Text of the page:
The people who need your birthday, e-mail address, phone number and so on already have that information. Thieves can collect an amazing amount of personal data just by perusing social media sites. Review your profiles and keep them barren. Also be careful of posting too much information. Pictures of things like your new car showing the license plates and your home address in the background can give the identity thieves an extra boost.
Use a long password.
Or even a pass phrase. Complex passwords really don't offer much better protection. It's the length not the complexity that makes it difficult for hackers to crack passwords. And don't use obvious things like your name backwards, 1234 or “password” for your password. Also use two factor authentication when possible. Don't use the same password for everything. If you can't remember all those passwords us a password manager like Last Pass.
Pay with cash.
Credit card companies sell your purchasing information to advertisers. If you don't want people to know how much booze you are buying or other potentially embarrassing information purchase things the old fashioned way, with bills and coins. Restaurants and nightclubs are another place to use cash instead of credit cards. You hand the waitperson your plastic and they return with the receipt they have had plenty of time to take a picture of your card and save it. They could be doing an on-line buying spree before you even get home.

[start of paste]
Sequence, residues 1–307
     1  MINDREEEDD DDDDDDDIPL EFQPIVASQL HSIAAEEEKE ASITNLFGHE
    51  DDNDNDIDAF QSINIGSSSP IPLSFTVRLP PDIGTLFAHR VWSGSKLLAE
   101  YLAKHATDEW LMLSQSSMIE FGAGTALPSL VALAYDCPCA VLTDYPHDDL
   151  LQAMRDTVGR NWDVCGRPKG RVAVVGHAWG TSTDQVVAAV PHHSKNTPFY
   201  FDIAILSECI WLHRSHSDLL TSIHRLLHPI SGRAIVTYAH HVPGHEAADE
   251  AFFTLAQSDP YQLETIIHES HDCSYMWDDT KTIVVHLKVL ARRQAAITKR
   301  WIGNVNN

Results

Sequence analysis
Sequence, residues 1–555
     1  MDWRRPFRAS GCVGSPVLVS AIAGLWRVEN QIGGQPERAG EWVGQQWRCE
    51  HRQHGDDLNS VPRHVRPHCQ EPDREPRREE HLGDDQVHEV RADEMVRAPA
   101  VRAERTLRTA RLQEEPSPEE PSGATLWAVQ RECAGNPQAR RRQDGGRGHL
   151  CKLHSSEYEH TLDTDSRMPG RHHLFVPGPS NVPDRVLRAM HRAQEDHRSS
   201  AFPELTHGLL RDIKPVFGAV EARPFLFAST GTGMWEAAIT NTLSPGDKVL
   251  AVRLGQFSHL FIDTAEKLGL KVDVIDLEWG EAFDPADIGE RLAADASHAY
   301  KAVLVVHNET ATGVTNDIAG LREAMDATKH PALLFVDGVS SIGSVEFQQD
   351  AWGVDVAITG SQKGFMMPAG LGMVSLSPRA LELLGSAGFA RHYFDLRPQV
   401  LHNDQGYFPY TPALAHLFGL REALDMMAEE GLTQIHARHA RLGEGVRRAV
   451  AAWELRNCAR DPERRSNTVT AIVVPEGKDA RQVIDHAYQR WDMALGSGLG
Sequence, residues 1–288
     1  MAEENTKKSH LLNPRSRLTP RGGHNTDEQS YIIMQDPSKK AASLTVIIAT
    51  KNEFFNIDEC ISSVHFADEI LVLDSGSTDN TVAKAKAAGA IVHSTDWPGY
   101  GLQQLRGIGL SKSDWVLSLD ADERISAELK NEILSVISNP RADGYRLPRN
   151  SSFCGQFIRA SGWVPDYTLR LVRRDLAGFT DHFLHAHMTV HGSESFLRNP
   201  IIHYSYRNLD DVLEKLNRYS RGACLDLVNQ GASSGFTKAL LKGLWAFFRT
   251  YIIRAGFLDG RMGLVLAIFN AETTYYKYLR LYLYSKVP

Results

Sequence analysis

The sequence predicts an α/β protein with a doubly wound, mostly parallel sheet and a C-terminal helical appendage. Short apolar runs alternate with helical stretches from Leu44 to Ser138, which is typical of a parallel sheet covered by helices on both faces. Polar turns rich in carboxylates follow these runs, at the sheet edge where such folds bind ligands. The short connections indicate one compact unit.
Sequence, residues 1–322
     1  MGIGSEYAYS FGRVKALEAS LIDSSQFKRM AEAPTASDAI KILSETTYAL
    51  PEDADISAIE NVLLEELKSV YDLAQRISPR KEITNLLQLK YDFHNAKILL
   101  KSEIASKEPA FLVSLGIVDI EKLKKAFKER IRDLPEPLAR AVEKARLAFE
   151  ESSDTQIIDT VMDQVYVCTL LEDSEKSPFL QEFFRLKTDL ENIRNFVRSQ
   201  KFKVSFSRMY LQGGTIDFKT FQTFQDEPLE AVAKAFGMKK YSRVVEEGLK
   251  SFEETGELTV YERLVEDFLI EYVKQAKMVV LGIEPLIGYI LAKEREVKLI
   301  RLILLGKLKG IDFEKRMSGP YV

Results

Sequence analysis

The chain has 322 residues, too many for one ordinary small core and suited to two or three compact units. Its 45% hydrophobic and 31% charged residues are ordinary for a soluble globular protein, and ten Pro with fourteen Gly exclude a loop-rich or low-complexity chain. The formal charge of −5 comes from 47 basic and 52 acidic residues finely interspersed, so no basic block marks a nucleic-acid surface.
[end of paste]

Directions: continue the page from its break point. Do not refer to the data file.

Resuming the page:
Keep your main e-mail address private.
Use things like Gmail and Outlook.com for the public consumption. When you fill out a form at some retailer, either on-line of on paper use the “throw away” email address. If it becomes a spam magnet just drop it and create a new one. This keeps your real e-mail inbox from getting filled with spam messages.
Don't use public Wi-Fi.
You just can't trust public Wi-Fi! You don't know what lowlifes are lurking on the network waiting to grab passwords and other sensitive information. If you must use public networks then use a VPN like ExpressVPN or NordVPN especially if you are traveling in foreign countries.
Use messaging apps with “end-to-end” encryption
Most modern messaging apps use encryption but in many cases it's just “encryption in transit”. The message is decrypted on the provider's side and stored on their servers. If someone hacks their way into those servers they can read your messages in plain text. Use the end-to-end encryption like WhatsApp. Then even the service provider can't read your messages.
Review permissions for mobile apps and browsers.
Mobile apps prompt you to give them permissions to access contacts or files in device storage. They also ask for permission to use the camera, microphone, geolocation and other apps and features on your device. Some really cannot work without these permissions, but some use this information to profile you for marketing and other nefarious purposes.
And remember — always back it up!